Even still, Peters would like to see platforms punished for failing to adequately stand up to organized crime. "If it's illegal in real life, it ought to be illegal to host it online," she repeated, meaning that tech firms would be criminally liable for failing to find each and every unlawful post.

And in reality, that effort would have the opposite of its intended effect: Worried about pending lawsuits or criminal charges, companies would be apt to remove any and all troublesome content, making it more difficult for law enforcement to track down those who break the rules.

Ironically, Peters seemed to recognize that shortfall when testifying. When tech companies remove illicit activity, she said that it destroys "critical evidence of a crime," and "[helps] criminals to cover their tracks." She should not expect that to get any better if her vague policy solution prevails.

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  1. >>”When was the last time anybody here saw a dick pic on Facebook?” asked Gretchen Peters

    threat?

    1. She looks like she might be able to make good on that threat.

    2. Nostalgia?

  2. >o?”When was the last time anybody here saw a dick pic on Facebook?” asked Gretchen Peters,>o?

    Who’s the dude in the pic?

    1. Richard Nixon?

      1. Rico has let himself go.

  3. But her testimony was laced with inaccuracies that reflect a fundamental misunderstanding about her goal, which is to punish online platforms and remove their legal protections should they fail to aggressively police illicit content.

    I had to re-read this several times. I’m not deeply familiar with the full text of section 230, but what familiarity I do have mainly centers around the simple notion that sec. 230 shields the platforms from liability based on what their users post. Fine.

    But clearly we’ve seen websites shutdown precisely for the content their users posted: Backpage.com comes to mind. So it seems to me that under our current regime, sites ARE responsible if they fail to aggressively police illicit content. Otherwise Ross Ulbricht would be Jeff Bezos.

    1. The difference is that websites like Silk Road existed for the sole purpose of actively promoting illicit content. Facebook, Google, and the like are general platforms that do not exist for such reasons and have millions and millions of daily posts—far too many to police. Making them culpable for every random post would destroy them. What’s more, as stated in the piece, social media sites are doing a fairly good job at pinpointing illegal content; studies show that most online opioid transactions are completed on the dark web, because legally operated platforms remove those posts fairly rigorously.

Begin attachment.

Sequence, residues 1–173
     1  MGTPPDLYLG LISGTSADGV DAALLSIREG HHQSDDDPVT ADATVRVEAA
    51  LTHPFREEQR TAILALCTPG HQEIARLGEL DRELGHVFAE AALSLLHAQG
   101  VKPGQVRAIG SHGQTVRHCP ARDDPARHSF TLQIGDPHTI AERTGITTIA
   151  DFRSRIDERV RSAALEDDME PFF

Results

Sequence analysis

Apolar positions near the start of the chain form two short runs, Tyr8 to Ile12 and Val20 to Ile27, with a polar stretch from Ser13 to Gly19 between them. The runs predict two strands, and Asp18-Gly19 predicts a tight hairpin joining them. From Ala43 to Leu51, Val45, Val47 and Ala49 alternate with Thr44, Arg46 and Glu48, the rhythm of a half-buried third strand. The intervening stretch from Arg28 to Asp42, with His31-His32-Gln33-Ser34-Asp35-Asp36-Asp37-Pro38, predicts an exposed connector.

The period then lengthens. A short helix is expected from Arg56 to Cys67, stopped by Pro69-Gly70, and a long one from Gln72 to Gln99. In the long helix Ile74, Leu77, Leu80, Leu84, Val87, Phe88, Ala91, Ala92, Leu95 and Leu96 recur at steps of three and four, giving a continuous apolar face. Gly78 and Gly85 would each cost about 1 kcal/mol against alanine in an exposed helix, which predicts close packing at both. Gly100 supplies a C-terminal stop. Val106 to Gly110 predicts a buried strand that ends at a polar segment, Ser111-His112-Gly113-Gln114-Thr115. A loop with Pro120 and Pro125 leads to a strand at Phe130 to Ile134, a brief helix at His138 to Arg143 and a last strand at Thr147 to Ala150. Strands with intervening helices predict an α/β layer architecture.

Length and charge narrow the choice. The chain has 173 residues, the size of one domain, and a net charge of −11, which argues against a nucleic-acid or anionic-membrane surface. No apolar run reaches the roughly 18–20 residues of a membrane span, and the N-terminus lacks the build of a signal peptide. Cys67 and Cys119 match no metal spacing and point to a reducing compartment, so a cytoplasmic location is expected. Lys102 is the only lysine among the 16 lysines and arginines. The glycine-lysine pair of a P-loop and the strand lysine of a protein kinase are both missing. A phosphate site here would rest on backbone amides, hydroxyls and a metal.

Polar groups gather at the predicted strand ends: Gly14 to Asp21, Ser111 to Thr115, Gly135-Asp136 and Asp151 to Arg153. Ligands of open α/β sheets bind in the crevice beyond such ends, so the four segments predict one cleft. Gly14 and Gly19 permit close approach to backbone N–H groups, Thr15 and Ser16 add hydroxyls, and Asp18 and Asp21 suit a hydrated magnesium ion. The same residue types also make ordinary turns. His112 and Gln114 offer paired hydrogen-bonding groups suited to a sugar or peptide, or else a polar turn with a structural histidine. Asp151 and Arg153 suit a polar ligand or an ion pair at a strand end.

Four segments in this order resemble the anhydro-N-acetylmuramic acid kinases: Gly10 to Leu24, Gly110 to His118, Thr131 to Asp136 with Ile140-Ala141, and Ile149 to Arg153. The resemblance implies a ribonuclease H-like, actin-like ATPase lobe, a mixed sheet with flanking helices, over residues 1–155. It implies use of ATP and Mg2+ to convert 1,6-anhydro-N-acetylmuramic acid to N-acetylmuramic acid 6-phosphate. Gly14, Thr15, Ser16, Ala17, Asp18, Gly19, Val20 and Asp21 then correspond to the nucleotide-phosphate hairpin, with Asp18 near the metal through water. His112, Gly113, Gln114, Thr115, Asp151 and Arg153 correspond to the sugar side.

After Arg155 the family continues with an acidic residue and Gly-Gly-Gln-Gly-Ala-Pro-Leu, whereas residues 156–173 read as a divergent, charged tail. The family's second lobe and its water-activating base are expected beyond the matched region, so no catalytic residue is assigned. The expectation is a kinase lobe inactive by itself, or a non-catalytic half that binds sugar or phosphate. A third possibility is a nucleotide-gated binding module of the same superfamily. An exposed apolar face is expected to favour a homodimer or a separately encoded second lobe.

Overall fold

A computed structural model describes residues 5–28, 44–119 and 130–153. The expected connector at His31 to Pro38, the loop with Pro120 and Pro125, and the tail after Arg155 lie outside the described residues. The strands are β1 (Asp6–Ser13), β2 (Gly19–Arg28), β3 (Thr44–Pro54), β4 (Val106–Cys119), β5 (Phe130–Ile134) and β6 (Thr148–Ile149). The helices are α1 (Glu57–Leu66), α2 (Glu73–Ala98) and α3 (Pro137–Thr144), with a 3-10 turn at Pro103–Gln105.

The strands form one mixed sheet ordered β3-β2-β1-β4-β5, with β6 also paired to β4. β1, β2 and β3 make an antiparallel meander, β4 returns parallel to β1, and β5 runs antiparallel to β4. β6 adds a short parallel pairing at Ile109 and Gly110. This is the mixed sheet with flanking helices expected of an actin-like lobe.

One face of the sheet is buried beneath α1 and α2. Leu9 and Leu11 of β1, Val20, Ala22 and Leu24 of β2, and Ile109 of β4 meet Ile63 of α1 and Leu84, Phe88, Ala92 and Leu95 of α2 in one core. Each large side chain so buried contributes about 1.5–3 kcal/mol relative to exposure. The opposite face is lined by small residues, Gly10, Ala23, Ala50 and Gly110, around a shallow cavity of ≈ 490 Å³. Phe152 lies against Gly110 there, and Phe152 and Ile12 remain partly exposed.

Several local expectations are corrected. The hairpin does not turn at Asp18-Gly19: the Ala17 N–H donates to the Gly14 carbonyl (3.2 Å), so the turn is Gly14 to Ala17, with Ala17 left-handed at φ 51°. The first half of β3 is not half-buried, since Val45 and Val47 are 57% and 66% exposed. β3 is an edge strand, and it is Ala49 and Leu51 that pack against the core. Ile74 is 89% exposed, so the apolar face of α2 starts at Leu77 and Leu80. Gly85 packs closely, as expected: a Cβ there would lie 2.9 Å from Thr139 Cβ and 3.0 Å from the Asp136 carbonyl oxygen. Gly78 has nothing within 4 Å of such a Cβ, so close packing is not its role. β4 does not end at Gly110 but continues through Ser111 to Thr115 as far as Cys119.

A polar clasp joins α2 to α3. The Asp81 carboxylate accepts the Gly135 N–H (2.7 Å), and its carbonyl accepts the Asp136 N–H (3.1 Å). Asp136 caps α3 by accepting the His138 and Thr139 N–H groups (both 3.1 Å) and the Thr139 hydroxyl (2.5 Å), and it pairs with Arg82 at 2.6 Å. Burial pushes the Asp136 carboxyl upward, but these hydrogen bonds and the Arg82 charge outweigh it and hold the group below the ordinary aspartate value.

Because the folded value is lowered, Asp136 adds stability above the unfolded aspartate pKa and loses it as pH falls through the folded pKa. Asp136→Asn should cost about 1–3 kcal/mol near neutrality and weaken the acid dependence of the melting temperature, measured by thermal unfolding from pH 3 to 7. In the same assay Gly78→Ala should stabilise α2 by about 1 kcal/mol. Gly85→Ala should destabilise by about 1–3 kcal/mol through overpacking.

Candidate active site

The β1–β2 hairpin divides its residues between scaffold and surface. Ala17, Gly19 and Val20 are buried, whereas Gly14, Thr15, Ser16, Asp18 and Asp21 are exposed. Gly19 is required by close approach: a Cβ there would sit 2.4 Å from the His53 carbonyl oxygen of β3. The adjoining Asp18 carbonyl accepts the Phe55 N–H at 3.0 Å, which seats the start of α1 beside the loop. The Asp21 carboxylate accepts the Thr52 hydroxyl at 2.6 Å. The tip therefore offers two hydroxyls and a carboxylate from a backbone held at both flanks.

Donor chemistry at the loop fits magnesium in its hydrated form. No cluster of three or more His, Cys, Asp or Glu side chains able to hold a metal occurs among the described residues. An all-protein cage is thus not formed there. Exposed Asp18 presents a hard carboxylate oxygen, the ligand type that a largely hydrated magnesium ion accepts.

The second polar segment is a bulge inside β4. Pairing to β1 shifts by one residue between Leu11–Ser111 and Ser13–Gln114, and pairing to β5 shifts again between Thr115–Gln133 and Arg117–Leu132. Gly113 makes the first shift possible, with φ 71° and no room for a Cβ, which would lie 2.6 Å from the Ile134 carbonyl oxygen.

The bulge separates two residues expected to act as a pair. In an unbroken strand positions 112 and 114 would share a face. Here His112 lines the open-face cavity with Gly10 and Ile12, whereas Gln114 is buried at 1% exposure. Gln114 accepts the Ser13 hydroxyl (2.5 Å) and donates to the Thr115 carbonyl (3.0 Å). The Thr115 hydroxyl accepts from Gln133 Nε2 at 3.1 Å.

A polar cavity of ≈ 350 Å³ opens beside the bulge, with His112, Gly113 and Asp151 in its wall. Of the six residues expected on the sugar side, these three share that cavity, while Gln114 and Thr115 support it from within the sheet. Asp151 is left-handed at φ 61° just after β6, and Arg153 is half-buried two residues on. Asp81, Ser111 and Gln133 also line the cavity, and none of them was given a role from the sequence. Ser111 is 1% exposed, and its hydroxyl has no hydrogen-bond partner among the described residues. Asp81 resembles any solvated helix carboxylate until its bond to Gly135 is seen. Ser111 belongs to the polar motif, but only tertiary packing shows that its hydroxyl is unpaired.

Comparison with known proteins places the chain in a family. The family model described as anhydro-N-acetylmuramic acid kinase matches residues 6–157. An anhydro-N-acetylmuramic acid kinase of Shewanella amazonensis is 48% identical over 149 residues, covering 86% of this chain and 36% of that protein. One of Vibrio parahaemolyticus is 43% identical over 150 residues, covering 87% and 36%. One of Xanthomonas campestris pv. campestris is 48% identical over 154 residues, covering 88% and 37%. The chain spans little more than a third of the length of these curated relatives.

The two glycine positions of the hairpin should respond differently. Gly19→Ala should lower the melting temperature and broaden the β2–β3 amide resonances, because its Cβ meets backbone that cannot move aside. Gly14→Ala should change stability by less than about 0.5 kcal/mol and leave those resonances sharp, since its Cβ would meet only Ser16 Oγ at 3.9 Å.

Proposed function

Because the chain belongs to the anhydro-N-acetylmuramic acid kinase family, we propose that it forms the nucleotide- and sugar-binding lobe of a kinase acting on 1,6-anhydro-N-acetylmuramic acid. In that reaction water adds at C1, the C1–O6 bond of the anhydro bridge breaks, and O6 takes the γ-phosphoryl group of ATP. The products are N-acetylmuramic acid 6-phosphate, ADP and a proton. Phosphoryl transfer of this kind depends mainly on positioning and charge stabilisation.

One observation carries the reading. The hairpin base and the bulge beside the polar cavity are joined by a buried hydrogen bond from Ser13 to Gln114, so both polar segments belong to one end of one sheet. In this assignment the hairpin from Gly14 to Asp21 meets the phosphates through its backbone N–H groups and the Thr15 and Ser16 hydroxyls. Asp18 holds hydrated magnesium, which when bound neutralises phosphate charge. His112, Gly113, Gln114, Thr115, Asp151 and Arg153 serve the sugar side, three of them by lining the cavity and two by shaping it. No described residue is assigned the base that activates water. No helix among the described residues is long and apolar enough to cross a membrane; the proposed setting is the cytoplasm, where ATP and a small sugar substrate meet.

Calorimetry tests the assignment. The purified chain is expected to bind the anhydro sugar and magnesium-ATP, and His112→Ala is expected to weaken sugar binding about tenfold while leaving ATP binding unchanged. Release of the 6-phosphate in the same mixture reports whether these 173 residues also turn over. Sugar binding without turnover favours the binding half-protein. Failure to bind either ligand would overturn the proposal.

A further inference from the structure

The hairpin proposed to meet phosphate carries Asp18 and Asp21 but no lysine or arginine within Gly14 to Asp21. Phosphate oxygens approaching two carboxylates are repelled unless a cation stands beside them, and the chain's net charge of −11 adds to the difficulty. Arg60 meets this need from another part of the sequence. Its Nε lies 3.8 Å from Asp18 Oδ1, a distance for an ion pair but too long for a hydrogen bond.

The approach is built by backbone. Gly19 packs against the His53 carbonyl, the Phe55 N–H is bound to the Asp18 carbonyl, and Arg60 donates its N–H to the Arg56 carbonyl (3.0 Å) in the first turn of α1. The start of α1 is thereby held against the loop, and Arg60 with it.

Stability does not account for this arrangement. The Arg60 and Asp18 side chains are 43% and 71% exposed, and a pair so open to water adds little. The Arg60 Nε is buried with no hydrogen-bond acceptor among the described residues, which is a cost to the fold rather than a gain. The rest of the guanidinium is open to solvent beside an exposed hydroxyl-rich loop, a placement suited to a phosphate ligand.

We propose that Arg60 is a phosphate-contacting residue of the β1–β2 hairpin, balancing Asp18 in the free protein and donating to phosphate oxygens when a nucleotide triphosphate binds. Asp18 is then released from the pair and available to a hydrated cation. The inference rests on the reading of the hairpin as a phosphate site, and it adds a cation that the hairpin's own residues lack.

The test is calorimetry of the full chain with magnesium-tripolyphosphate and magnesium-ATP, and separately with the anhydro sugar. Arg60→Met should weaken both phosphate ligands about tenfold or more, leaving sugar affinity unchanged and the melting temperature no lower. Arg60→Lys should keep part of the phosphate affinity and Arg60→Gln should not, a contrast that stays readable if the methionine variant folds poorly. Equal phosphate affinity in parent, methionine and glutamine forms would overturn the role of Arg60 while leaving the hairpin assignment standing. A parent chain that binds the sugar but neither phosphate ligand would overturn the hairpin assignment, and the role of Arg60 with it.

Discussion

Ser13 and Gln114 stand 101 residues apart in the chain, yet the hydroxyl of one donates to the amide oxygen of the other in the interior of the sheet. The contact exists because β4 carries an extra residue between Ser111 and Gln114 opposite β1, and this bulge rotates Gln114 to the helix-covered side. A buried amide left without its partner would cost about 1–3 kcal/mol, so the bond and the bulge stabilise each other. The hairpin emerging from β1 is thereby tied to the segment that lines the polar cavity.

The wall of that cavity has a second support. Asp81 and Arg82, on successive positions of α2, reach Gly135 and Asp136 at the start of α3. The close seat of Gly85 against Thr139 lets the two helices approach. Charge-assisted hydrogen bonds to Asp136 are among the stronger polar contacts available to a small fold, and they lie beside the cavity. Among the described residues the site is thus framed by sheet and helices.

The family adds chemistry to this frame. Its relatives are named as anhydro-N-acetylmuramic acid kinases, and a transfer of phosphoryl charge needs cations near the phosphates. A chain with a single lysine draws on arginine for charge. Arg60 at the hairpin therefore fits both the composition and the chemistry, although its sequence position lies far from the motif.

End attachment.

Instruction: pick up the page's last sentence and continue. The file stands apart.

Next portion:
1. The difference is that websites like Silk Road existed for the sole purpose of actively promoting illicit content.

        I’m sure the courts saw it that way, but did Silk Road really exist and did it “actively promote” illicit content? Was there any explicit communications from Silk Road operators– or the website that it was a drug market?

        What’s more, as stated in the piece, social media sites are doing a fairly good job at pinpointing illegal content; studies show that most online opioid transactions are completed on the dark web, because legally operated platforms remove those posts fairly rigorously

        Right, so see my post below. Does Ms. Peters not have a point?

        1. Yes, that was indeed the point of the Silk Road. It existed as a marketplace to sell illegal drugs to consumers. That is not the point of the online platforms that Peters would like to regulate.

          And no, she does not. Her point operates on two false assumptions: that there are many illicit drug transactions occurring on these platforms (there aren’t) and that social media’s AI is advanced enough to find stealthy illegal postings (it isn’t). Regarding the latter, the algorithms are fairly unreliable in these cases⁠—it can pinpoint the very obvious examples, but not the ones shrouded in some sort of facade. Most people don’t advertise illegal drugs in plain English. Holding companies accountable for not finding those covert posts would incentivize them to remove content excessively, squashing legal speech, so as to avoid lawsuits and criminal penalties.

          1. : that there are many illicit drug transactions occurring on these platforms (there aren’t) and that social media’s AI is advanced enough to find stealthy illegal postings (it isn’t).

            The rate if illicit activity isn’t interesting to me– even if she’s hammering that point. Let’s pretend that it is, or might become some time in the future, which leads to her second point: Social media’s AI is advanced enough to find stealthy illegal postings.

            Don’t the tech companies believe their AI and moderation techniques are in fact advanced enough?

            You know they’re not, I know they’re not. But I keep seeing tech company execs and representatives suggest it is.

            1. Most of the responses that I’ve heard from executives haven’t claimed that. The typical remark is that they’re doing the best they can, but that they “can always do more.” Regardless of what vague replies they give, regulating them as if they have all of the answers—when we know they don’t—would seriously damage both technological innovation and the exchange of ideas online.